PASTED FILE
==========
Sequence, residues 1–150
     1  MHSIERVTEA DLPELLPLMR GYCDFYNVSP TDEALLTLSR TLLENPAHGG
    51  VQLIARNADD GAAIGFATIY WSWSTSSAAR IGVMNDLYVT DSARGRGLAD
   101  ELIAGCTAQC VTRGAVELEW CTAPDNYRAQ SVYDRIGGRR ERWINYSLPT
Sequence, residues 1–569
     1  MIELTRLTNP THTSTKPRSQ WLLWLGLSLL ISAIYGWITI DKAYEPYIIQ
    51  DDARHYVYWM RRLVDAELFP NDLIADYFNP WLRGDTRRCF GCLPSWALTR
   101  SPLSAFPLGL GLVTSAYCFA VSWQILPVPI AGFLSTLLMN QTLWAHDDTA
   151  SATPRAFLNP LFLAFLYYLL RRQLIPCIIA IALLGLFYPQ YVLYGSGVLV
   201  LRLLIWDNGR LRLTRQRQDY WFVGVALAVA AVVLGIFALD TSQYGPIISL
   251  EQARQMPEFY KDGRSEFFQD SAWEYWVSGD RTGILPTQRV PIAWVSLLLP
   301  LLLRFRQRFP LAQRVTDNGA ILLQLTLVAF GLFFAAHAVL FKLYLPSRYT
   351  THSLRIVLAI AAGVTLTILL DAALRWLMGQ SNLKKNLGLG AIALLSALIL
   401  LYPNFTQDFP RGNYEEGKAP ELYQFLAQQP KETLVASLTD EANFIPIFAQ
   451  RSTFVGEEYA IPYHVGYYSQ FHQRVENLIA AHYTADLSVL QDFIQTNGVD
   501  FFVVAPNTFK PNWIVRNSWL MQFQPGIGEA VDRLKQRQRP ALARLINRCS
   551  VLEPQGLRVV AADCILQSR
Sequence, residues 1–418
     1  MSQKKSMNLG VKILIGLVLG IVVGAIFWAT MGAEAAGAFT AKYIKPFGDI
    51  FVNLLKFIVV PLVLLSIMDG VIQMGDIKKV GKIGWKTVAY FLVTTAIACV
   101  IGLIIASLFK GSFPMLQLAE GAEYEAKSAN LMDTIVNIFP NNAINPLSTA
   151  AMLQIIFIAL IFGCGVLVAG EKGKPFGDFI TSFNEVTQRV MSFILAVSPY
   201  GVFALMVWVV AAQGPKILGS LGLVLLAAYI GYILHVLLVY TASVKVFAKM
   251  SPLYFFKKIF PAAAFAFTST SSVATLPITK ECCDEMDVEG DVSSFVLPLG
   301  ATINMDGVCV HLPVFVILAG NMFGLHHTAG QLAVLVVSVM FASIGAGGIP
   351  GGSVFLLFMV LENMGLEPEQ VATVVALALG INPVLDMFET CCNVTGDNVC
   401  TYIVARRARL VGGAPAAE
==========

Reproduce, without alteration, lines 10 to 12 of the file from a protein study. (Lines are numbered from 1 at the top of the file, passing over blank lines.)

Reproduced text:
   201  LRLLIWDNGR LRLTRQRQDY WFVGVALAVA AVVLGIFALD TSQYGPIISL
   251  EQARQMPEFY KDGRSEFFQD SAWEYWVSGD RTGILPTQRV PIAWVSLLLP
   301  LLLRFRQRFP LAQRVTDNGA ILLQLTLVAF GLFFAAHAVL FKLYLPSRYT